Members of jury in the Oracle-Google Java-Android legal spat are reported to be tantalizingly close to a verdict on the copyright phase of the trial, but remain deadlocked on one question.
That means the copyright verdict, of what is likely to be one of the most followed technology lawsuits in history, has been pushed off to Monday. Judge William Alsup told the jury to come back on Monday to resolve the remaining question.
The verdict will bring to closure a drawn-out, protracted legal battle between Oracle Corp. and Google Inc. over the use of Java in the popular Android operating system. Oracle filed a lawsuit against Google in mid-2010, alleging copyright and patent infringement and $6.1 billion in damages. Google denied any wrongdoing on its part, and filed patent invalidation requests with the U.S. Patent and Trademark Office (USPTO), which resulted in several of the Oracle patents getting invalidated.
While the amount in damages has been constantly decreasing as the case has progressed, neither Oracle nor Google have been willing to budge on their positions.
The trial finally went to court and a jury and began on April 16. After days of courtroom hearings and back and forth between the lawyers and various witnesses, the proceedings closed on April 27, and the jury started delibrating the issue on Monday, April 30.
But instead of requiring one and a half days to deliver the verdict, as Judge Alsup had predicted at one point, the jury seemed to be painfully stretched out about the case. On Thursday afternoon, a juror sent a note—the jury’s eighth note—asking what would happen if the jury could not come to an unanimous agreement on the questions posed by the judge. Judge Alsup sent them back for the day and asked them to continue delibrating on Friday.
On Friday, the jury seemed closer to a verdict, saying that they had reached a unanimous decision on three of the four questions, but remained deadlocked on one question. Judge Alsup sent them back home, asking them to come in on Monday to continue discussing the final question. Careb Garling of Wired News quoted Alsup as saying, “Since there is hope of reaching that question, we should take advantage of that hope.”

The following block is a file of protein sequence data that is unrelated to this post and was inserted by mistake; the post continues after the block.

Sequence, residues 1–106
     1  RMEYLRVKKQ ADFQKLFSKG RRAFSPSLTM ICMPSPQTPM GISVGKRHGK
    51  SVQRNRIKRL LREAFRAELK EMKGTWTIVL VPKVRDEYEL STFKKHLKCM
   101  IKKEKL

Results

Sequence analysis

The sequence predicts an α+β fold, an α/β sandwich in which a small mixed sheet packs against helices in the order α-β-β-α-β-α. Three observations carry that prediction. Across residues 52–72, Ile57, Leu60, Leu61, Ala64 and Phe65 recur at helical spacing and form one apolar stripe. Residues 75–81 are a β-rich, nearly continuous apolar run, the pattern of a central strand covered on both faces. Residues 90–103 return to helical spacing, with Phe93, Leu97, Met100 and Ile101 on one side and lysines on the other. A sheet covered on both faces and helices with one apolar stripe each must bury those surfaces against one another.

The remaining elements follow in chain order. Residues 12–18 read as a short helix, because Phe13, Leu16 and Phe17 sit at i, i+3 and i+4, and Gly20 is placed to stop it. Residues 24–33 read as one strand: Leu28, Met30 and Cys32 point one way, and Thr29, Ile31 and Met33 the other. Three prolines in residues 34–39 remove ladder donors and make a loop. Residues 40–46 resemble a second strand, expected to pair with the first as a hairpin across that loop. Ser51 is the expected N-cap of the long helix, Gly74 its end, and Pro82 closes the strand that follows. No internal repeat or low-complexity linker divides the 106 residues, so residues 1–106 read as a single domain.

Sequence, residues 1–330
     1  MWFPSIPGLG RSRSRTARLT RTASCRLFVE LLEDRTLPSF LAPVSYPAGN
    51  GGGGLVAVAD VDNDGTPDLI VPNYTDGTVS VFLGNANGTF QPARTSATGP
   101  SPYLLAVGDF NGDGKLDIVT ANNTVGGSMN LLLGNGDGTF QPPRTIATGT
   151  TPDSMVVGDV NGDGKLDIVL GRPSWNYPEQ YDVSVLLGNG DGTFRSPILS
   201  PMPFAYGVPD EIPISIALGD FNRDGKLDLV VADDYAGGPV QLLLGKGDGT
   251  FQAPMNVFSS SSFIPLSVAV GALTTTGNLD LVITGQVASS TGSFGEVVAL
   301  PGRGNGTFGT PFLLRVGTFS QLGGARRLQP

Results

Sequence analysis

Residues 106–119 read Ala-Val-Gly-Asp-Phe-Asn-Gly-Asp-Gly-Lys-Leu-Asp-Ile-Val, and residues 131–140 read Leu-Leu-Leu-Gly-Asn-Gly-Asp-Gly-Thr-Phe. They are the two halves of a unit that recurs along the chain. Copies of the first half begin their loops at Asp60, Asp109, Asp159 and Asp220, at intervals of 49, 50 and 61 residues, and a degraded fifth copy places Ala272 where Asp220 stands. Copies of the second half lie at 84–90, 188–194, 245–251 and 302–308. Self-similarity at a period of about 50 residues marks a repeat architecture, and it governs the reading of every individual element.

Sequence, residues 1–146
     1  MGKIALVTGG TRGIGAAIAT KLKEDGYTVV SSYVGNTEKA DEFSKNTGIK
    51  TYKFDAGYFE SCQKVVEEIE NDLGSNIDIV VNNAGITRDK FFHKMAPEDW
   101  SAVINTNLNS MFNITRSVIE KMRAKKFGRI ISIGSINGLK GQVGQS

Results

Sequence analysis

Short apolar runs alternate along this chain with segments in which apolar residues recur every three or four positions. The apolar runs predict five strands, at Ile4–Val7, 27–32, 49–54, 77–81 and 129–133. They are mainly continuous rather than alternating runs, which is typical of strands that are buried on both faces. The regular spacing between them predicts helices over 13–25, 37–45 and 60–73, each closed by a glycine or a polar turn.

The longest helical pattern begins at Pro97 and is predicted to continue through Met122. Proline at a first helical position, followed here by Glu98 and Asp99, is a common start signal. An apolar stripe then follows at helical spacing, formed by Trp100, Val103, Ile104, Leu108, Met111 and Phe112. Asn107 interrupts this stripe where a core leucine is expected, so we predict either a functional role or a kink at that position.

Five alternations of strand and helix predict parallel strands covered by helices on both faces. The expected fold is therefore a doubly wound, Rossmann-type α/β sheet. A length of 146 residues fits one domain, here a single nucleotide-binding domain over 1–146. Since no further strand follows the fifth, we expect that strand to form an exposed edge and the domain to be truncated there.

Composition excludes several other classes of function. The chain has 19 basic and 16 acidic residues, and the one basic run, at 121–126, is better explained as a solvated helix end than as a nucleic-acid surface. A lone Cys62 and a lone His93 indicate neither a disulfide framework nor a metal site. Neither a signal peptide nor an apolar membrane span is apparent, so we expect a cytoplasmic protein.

The four questions that the judge posed to the jury came at the end of a gruelling two weeks of testimony, examination and cross-examination at the trial. The first question, as posed by the Judge, revolves around whether Oracle has “proven that Google has infringed the overall structure, sequence and organization of copyrighted works,” and if so, whether Google’s use of it constituted fair use. The second question is similar, but around the issue of documentation, and the third one, whether code in certain files was copied and if so, whether it was “de minimis” (small enough to be neglected).
Meanwhile, Oracle and Google lawyers already started wrangling over the next phase of the trail—the patent phase. Judge Alsup asked whether Oracle CEO Larry Ellison would be returning to take the stand, and if there would be any “star turnouts.” Both lawyers replied in the negative, though Google lawyer Robert Van Nest wondered aloud whether former Sun CEO Jonathan Schwartz could be considered a “star.”
Schwartz had earlier testified in favor of Google at the trial, stating that Google had the right to use portions of the Java API as long as they did not call the final product Java. Oracle’s lawyers, led by Marc Jacobs, want to exclude him from testimony in the patent phase, while Google’s legal team want an e-mail from former Sun employee Tim Lindholm dropped.The judge has also asked both parties to provide him with previous trial literature on copyright in regards to software, particularly in regards to the European court ruling just this past week that software and APIs could not be copy-righted. A European court, in a case involving software giant SAS, had ruled that APIs were not copyrightable and that other companies had the right to reverse-engineer a black box product to reproduce necessary functionality, subject to certain conditions.